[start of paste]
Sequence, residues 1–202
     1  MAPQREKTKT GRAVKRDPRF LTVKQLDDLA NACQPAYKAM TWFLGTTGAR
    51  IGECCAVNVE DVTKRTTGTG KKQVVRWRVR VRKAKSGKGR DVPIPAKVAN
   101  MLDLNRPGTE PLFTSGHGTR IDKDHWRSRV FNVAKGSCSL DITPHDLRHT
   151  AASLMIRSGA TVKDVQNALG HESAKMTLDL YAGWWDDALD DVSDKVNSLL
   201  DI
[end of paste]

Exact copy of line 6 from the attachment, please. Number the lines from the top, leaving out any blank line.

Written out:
   201  DI